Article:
It was the RCP, as on other questions, that argued the theoretical line which was proved correct. Basing themselves on the figures for production, investment and growth, particularly but not exclusively for Britain, the RCP leaders demonstrated the irrefutable fact that a rapid economic boom was developing. The first item in this chapter is a statement on Economic Perspectives, put forward as an amendment to the IS resolution at the April 1946 International Pre-Conference. It was published in Workers' International News, November-December 1946. In contrast to the IS position, it argues that:

"…the laws of capitalism...ensure the upswing of economy and make a new 'boom' inevitable. Particularly in view of the fact that this crisis is not a crisis of over-production…It is not excluded that particularly for Western Europe (with the exception of Germany and Austria) the production figures can even reach and surpass the pre-war level in the next period…All the factors on a European and world scale indicate that the economic activity in the next period is not one of 'stagnation and slump' but one of revival and boom."

It is important to note that no-one in the Trotskyist movement internationally, including the RCP, believed that the post-war boom would last more than a few years, before it gave way to an inevitable downturn. The amendment (which, incidentally, was defeated at the conference) agreed with the IS statement in emphasising 'the epoch of the decline and collapse of world capitalist economy…there is not the least ground for the hope or fear that the economic revival, which in and of itself is inevitable, will be able to overcome the general decay in world economy and in European economy in particular.' In the early stages of the post-war boom, therefore, it was Ted Grant and the RCP leadership who were insisting, against the economic 'theoreticians' of the IS, that there was indeed a revival. But ironically, once the revival took hold, and unexpectedly developed into a fully-fledged upswing, the nature of the debate turned to its opposite.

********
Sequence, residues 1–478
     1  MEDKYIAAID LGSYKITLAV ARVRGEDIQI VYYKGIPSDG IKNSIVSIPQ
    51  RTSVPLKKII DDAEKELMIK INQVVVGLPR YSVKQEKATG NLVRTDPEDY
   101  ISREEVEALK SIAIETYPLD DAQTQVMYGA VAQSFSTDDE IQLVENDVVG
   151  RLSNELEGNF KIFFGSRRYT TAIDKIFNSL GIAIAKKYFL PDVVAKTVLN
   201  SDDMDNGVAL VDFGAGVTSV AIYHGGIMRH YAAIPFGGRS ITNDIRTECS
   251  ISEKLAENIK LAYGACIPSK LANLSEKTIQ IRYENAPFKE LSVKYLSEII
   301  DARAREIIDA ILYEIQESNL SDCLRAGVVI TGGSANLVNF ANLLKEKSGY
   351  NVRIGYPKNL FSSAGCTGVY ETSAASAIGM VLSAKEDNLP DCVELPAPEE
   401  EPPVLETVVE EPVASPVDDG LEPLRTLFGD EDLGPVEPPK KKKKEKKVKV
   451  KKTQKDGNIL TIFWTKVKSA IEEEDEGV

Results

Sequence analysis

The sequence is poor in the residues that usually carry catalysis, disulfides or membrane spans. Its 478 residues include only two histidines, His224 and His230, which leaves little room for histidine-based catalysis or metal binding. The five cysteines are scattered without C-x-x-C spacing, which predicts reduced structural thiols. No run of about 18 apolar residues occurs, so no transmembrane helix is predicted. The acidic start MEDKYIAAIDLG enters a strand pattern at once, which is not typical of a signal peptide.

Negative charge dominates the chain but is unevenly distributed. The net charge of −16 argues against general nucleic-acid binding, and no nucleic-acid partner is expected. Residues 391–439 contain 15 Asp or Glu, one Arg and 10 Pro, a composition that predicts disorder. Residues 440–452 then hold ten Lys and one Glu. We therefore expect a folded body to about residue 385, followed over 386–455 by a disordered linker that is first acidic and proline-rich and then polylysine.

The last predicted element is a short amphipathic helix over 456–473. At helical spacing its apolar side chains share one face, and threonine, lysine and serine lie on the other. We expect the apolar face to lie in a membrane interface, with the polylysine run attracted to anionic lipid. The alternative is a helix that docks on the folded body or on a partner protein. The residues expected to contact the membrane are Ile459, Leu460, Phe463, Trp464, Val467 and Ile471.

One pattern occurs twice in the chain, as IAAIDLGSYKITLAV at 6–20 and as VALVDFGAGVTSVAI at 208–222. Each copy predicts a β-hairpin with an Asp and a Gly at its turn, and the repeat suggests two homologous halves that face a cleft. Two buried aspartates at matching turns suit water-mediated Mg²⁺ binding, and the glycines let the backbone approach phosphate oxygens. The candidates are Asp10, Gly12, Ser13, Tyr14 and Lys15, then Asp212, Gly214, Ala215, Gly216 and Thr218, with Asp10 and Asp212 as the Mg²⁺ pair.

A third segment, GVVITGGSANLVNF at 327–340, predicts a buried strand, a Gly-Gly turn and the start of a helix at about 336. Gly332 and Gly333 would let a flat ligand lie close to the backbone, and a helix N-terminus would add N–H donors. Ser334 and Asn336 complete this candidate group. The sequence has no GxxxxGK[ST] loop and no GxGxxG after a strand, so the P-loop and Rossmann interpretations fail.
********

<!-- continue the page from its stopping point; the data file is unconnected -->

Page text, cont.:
It was in this period of upswing that the right wing of the labour movement - who always base themselves on the capitalist system, as opposed to socialist ideas - were given a new lease of confidence. The theoreticians of the right wing, in the Fabian Society, for example, fell over themselves to announce that class struggle was at an end and that the very concept of 'class' was losing its meaning. Slumps and mass unemployment were the horrors of the past that would never be repeated, society had learnt to overcome past conflicts and from now on, they argued, there would be a gradual and unbroken increase in living standards. The leadership of the Labour Party, around Hugh Gaitskell, even tried (unsuccessfully, because of the resistance of the rank and file and the trade unions) to remove the socialist Clause 4 from the Labour Party constitution.

The second part of this chapter consists of an article in the International Socialist (edited by Ted Grant), November-December 1952, commenting on the New Fabian Essays. In the Essays, writers like Richard Crossman, Anthony Crosland and Roy Jenkins, put forward the idea that the 'welfare state' or 'welfareism' had superseded class society. 'By 1951', Crosland argued, 'Britain had in all essentials ceased to be a capitalist country'.

Cutting through the superficiality of the Fabian theories, Grant defends the basic Marxist position, that as long as the market dominated the economy, then there would inevitably be cycles of boom and slump. Explaining the causes for the longevity of the boom, he also points out its limitation and the inevitability, at a later stage, of new recessions and slumps. This article, although directed particularly towards the British economy, was no less relevant to the other main capitalist countries, where similar conditions prevailed and similar arguments raged.